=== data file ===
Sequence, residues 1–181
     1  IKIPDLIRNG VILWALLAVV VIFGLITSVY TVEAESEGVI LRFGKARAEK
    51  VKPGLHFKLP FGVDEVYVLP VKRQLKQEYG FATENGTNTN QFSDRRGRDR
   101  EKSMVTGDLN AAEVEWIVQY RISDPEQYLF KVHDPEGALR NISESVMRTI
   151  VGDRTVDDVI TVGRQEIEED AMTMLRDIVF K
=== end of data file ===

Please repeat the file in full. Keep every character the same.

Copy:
Sequence, residues 1–181
     1  IKIPDLIRNG VILWALLAVV VIFGLITSVY TVEAESEGVI LRFGKARAEK
    51  VKPGLHFKLP FGVDEVYVLP VKRQLKQEYG FATENGTNTN QFSDRRGRDR
   101  EKSMVTGDLN AAEVEWIVQY RISDPEQYLF KVHDPEGALR NISESVMRTI
   151  VGDRTVDDVI TVGRQEIEED AMTMLRDIVF K